A new process developed

The beautiful thing about this challenge is that it forced me to create a system for learning. Rules to follow. A commitment to keep. And a better way to make sense of information, and apply it.

As I went through this process, I documented everything in Notion, to keep track of my progress. For each post, I rewrote everything word for word. I took notes on the key takeaways, and any patterns I observed in Seth’s writing style.

I also took meta notes about my personal reactions and emotional state. At the end of each day, I wrote a reflection log. Summarizing 3 things I learned. What I could do better tomorrow. And my closing thoughts.

My process in 4 steps:

1. Intentional consumption. I read each post with a clear goal in mind: to extract a lesson, and to make observations about Seth’s writing style. Actively seeking information helped me pay attention to what I was reading, versus just copying it.

2. Distilling and reflection. I took notes to summarize what I learned in every post, which forced me to recall the information I had just read. This greatly helped with the retention issues I ran into at the beginning. I also took notes on my thoughts and feelings, which helped me make adjustments to my process.

3. Creation. The most important part of my process was the application of what I learned. The moment I started writing my articles, emulating Seth’s style of writing, I committed to memory what I had been copying and observing. That’s because I went from passive learning to active learning. The most effective way to retain information.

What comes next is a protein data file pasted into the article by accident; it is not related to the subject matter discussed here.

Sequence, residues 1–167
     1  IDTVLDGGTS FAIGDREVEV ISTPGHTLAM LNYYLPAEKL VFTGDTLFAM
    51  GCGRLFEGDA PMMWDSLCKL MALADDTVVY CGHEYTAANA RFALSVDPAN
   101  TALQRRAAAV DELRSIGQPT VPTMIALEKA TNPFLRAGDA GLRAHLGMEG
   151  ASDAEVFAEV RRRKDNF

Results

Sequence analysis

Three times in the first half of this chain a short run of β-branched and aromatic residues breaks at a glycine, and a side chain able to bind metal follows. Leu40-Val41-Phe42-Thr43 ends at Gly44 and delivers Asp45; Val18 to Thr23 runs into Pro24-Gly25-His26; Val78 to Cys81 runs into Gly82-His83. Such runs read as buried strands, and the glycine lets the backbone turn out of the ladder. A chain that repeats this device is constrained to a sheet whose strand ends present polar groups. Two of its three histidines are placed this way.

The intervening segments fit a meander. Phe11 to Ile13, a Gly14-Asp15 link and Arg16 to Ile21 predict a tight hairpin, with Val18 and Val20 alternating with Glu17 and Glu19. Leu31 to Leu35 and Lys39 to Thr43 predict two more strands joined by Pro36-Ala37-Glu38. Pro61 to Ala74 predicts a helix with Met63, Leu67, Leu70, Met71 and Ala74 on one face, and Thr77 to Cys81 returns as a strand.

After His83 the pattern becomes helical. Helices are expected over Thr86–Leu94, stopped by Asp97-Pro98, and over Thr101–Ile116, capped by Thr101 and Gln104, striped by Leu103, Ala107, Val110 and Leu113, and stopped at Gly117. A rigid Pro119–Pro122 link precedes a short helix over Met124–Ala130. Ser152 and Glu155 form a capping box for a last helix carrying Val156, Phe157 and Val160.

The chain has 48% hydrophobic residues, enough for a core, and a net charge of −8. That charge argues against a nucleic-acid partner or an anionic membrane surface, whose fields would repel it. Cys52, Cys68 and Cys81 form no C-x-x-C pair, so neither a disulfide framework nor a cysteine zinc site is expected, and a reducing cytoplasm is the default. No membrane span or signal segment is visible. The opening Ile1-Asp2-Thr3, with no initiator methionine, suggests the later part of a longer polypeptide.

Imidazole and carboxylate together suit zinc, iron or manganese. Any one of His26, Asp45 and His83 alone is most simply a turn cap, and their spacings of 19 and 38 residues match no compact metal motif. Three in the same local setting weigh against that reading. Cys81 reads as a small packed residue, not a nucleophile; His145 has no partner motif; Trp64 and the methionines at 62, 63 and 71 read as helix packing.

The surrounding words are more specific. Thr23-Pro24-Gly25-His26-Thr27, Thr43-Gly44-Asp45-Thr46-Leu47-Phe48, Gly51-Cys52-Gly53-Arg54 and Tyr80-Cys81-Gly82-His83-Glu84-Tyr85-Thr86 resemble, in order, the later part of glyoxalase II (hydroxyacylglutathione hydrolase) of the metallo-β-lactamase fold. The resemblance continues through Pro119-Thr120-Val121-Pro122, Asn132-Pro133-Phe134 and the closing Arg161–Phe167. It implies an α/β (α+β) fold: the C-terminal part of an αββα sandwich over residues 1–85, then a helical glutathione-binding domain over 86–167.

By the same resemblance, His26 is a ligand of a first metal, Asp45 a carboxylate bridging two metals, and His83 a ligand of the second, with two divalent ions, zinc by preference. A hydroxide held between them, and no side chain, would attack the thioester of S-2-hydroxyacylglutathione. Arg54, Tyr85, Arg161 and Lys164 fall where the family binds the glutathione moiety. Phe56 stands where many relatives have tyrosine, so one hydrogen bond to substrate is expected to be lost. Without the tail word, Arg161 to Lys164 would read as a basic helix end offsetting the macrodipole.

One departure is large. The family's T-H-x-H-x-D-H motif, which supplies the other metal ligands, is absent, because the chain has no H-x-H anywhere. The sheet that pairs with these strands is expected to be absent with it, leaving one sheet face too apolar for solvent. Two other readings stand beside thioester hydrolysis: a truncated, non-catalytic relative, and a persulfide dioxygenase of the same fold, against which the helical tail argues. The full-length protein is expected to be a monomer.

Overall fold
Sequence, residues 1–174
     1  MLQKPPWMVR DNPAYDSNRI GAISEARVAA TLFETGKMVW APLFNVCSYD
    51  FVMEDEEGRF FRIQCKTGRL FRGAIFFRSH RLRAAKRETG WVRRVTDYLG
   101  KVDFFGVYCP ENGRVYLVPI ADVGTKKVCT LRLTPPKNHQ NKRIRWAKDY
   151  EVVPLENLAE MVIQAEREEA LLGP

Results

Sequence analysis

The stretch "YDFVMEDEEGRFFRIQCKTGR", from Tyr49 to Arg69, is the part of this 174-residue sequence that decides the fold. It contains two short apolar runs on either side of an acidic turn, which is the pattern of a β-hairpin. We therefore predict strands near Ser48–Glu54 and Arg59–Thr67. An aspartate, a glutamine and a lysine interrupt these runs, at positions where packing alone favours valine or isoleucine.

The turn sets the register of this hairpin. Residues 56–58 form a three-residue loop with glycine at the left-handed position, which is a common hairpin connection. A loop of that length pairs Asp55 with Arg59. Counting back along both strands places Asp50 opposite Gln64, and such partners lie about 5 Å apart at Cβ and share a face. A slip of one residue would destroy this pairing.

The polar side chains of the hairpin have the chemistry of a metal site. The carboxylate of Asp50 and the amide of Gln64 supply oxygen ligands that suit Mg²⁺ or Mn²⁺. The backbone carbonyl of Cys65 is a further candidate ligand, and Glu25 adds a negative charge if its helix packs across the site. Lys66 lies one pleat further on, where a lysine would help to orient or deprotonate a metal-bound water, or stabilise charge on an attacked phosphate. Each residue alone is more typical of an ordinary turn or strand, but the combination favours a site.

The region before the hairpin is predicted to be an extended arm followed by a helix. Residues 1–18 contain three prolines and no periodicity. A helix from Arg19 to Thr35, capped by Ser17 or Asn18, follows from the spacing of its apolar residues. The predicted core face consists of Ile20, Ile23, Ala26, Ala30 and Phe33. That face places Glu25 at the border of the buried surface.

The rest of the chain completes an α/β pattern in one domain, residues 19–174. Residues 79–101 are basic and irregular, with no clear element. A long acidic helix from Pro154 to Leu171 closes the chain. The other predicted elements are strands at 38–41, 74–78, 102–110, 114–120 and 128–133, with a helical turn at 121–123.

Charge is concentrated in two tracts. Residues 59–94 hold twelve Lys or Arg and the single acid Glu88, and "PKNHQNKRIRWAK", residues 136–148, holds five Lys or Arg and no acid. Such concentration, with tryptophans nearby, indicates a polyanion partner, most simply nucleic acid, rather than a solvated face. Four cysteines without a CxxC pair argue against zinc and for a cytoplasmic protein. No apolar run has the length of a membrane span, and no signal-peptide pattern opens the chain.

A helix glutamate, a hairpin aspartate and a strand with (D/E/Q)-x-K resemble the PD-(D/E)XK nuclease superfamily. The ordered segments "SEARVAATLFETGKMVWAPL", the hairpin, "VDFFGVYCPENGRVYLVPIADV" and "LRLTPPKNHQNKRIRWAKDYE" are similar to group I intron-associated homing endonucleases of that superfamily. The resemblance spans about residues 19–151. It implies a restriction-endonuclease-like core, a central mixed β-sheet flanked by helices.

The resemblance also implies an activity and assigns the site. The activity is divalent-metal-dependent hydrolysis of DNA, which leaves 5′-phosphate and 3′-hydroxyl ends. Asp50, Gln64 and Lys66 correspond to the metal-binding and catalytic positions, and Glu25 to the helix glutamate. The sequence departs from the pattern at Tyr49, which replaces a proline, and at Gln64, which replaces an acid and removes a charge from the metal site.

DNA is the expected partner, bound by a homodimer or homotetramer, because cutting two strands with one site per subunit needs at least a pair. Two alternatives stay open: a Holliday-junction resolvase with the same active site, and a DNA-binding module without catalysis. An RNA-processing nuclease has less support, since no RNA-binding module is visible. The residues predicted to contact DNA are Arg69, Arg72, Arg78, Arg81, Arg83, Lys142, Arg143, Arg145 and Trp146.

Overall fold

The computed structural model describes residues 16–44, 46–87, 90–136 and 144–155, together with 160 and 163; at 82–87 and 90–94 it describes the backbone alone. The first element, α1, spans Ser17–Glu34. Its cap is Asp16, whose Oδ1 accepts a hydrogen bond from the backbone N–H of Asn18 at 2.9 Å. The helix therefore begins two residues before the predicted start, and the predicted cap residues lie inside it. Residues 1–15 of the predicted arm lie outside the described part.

4. Adjust. When you design a new system to follow, you have to make iterative adjustments to improve its effectiveness. When I noticed that chasing a daily quota of 52 entries became counter-productive towards my goal, I changed my process to focus on the quality of consumption, not the quantity. This adjustment greatly improved my relationship with the exercise and what I got out of it.

Unexpected afterglow

During this one week challenge, I published 3 original articles. That’s as much as I normally do in a whole year.

And even though the challenge is over, I’ve experienced a bit of an afterglow effect from it. I still feel the itch to read, to write, and make. It’s like the ink from my pen can’t stop flowing, and I have to get something on paper.

Since completing this writing challenge, I wrote 6 more posts in the following week.

In other words, my writing productivity is exponentially higher because I developed a habit and have momentum I’m building on.

I’m so happy with the results of this challenge, that I’m continuing this exercise, with a new author to learn from (“The War of Art” by Steven Pressfield). I know there’s much I can learn in between the pages of this book.

If you want to become a better writer, I highly recommend Copywork as an exercise. It’s an easy and effective way to build momentum and learn. If you do plan to take this challenge on, don’t feel obligated to do it all in a week. Take it slow, give it time, and focus on building the habit of practice. Also, make sure to reflect on and apply what you learn.

I’d like to leave you with this quote I read from Seth Godin’s blog about writer’s block, which has encouraged me to write more in public:

“Writer’s block isn’t hard to cure.
Just write poorly. Continue to write poorly, in public, until you can write better. Do it every day. Every single day.
If you know you have to write something every single day, even a paragraph, you will improve your writing. If you’re concerned with quality, of course, then not writing is the problem, because zero is perfect and without defects. Shipping nothing is safe.”
- Seth Godin